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Andrew Crowson

Autor(a) de Frank Lloyd Wright in Pop-up

9+ Works 233 Membros 3 Críticas


Obras por Andrew Crowson

Frank Lloyd Wright in Pop-up (2002) — Ilustrador — 208 exemplares, 3 críticas
Flip Flap Farm (2001) 7 exemplares
Flip Flap Fairytale (2002) 7 exemplares
Flip Flap Christmas (2003) 3 exemplares
Flip Flap People (2002) 3 exemplares
Flip Flap Spooky (2003) 2 exemplares
Flip Flap Ocean (2001) 1 exemplar
Flip Flap Prehistoric (2003) 1 exemplar
Flip Flap Safari (2003) 1 exemplar

Associated Works

Doctor (People Who Help Us) (2009) — Ilustrador — 195 exemplares, 1 crítica
Chef (People Who Help Us) (2009) — Ilustrador, algumas edições113 exemplares


Conhecimento Comum

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If I were asked to make nominations for a USAmerican Hall of Fame in the Arts, honoring innovation, influence, and reflection of the American character in the creative arts, the second name I would mention (right after Walt Whitman, for his free-verse poetry) would be Frank Lloyd Wright.

Of course, others in my top ten may have lived more honorable lives and have been less egotistical in their own claims to notoriety, but none — perhaps not even Whitman — was more articulate in discussing principles underlying their contribution. Indeed, Wright’s term for his art would probably come as close as any one term could for the essential USAmerican character of creativity. What he first called “New Architecture,” he eventually described as “organic,” and he would “throughout his life, continually seek the true definition of it until he came upon the simple formula that qualifies a building as ‘organic’ . . . if it is entirely appropriate to its place, to its time, and to its user.”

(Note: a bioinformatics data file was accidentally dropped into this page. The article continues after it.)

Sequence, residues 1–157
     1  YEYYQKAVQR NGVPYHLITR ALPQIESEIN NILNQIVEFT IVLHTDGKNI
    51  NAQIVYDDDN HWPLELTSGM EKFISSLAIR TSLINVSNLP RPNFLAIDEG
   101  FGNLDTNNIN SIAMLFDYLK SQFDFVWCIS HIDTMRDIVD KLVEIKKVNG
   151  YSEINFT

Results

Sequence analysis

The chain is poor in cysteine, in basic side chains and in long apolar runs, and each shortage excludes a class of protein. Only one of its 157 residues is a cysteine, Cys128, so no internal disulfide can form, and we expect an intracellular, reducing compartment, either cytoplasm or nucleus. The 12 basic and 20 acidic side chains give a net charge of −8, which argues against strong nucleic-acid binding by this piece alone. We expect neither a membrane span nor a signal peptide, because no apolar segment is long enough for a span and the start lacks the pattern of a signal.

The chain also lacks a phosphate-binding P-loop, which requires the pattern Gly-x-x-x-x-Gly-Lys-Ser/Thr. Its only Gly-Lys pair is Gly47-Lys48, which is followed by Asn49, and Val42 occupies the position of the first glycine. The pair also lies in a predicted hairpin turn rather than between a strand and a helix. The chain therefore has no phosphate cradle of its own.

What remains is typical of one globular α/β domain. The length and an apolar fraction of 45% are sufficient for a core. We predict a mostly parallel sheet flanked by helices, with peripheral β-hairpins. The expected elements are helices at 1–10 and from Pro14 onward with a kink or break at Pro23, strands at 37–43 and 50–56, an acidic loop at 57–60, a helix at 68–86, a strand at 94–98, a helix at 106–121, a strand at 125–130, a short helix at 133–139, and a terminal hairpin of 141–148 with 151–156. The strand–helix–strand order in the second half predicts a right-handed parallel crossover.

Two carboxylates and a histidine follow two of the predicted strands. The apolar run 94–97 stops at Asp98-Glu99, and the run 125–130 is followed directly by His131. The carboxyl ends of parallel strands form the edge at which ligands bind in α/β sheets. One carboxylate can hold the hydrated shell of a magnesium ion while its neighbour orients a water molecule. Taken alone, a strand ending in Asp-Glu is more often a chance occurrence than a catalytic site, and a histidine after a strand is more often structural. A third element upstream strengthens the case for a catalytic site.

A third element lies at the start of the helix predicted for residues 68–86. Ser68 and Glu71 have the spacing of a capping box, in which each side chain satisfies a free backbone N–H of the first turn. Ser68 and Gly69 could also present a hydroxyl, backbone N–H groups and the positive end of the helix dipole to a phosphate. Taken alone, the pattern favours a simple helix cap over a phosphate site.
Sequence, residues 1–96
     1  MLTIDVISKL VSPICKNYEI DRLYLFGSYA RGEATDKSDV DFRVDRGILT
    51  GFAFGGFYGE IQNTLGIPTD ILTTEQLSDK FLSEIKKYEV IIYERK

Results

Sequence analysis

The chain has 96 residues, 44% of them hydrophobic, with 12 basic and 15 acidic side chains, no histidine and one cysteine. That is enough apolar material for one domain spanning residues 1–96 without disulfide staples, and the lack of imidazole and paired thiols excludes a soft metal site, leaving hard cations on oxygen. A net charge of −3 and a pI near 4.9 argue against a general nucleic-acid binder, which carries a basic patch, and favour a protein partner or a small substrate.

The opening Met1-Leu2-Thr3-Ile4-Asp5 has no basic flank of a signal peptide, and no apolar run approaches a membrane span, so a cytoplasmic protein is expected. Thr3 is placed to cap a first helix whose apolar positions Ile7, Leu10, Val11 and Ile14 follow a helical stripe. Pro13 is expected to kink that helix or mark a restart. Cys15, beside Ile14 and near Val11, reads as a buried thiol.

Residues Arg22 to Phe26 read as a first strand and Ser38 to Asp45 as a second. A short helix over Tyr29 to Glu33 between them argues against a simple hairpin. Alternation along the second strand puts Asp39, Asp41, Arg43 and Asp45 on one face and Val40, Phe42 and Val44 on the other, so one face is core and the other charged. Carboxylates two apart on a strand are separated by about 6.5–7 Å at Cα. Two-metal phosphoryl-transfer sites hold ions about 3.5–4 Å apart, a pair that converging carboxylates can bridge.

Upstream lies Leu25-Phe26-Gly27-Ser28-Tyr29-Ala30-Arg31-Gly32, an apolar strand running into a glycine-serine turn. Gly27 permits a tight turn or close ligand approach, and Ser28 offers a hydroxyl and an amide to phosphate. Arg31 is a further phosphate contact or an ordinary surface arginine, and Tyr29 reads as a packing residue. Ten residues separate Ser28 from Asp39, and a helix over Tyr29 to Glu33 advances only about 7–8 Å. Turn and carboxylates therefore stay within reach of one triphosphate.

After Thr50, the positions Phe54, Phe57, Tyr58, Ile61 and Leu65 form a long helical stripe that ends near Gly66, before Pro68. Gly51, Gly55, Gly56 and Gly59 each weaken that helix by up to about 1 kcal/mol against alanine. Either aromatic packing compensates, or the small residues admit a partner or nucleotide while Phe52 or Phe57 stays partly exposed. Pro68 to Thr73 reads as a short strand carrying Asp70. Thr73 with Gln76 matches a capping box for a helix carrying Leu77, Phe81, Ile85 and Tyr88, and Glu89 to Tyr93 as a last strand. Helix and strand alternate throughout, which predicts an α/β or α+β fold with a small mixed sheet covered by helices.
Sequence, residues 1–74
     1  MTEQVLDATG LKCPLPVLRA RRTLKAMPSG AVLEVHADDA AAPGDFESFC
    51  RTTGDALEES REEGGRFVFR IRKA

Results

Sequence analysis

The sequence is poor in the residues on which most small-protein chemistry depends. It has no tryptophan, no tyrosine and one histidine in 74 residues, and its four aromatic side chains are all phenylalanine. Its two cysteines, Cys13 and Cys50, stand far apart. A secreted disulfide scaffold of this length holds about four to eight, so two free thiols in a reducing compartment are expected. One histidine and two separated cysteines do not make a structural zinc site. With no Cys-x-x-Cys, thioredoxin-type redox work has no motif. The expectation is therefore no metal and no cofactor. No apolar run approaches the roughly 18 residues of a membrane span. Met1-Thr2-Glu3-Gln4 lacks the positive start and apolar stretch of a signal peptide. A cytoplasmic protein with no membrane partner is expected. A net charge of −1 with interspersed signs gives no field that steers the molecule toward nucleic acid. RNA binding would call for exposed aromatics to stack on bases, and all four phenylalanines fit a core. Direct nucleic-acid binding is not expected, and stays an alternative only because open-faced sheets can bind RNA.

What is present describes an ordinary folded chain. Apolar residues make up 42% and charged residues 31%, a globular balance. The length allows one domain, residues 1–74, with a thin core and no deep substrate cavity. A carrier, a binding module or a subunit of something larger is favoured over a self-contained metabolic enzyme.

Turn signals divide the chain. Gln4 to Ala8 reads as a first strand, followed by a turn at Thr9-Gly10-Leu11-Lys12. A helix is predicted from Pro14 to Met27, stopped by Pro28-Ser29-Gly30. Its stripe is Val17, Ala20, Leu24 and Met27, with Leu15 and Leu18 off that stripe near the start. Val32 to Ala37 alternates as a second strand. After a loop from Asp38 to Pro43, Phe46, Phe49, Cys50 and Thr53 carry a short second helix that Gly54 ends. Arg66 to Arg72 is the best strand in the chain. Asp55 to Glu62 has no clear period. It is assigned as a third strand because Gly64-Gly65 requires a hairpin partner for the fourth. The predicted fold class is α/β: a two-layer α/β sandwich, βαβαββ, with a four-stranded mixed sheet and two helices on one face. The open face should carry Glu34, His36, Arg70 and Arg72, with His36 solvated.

This term and this definition would not be inappropriate for the work of such other USAmerican creative artists as Whitman himself, jazz masters like Jelly Roll Morton and Louis Armstrong, Frederick Law Olmstead (Central Park landscaping), Mark Twain (The Adventures of Huckleberry Finn), Orson Welles (Citizen Kane), Thornton Wilder (Our Town), the orators Abraham Lincoln and Martin Luther King, Alexander Calder (mobiles), Aaron Copeland and Martha Graham (ballets like Appalachian Spring), L. Frank Baum (children’s fantasy), Charles Ives (symphonic music), Jackson Pollock (abstract expressionism), Alfred Stieglitz (photography), and artists Georgia O’Keefe, Robert Rauschenberg, Louise Nevelson, and Romare Bearden. All of these, in one way or another, found artistic expression that uses native materials in new and interesting ways, especially appropriate to their eras, their settings, their subjects, and their social/cultural contexts. If USAmerican politicians and statesmen earned a reputation for independence, freedom, and the rights of the individual, these artists' “organic” creations achieved the same kind of emancipation in the arts.

No books can ever do justice to the visual and spatial effects of Wright's structures. I have read and found satisfaction in a magnificent biography of the architect (Many Masks by Brendan Gill), but his work requires a three-dimensional presentation. The paper engineering and artwork of this book — Frank Lloyd Wright in Pop-up by Iain Thompson (PRC Publishing Ltd. of London, c2002) — attempt what is virtually impossible.

You open the large double-page spread and the Frederick C. Robie House in Chicago comes barreling off the page like “The Battleship” it is called. Edgar J. Kaufman’s house Fallingwater thrusts its angles from the hills and stone of its surroundings with all the angles and determination of the structure itself. The S. C. Johnson Research Tower rises tall above its setting just as the Solomon R. Guggenheim Museum spirals sturdily upward and the Annunciation Greek Orthodox Church circles above its grounds, covering them with its shade.

I have a small, but interesting collection of pop-up books. None has subject matter more deserving of this format than this one. But the text of the book strives mightily to adapt itself to the ambition of the designs The introduction gives a very brief account of his life and career, concluding, “To Wright, the profession of architect took on enormous responsibilities; he saw the architect as an artist with the power to change people’s lives — he regarded himself almost as a missionary.”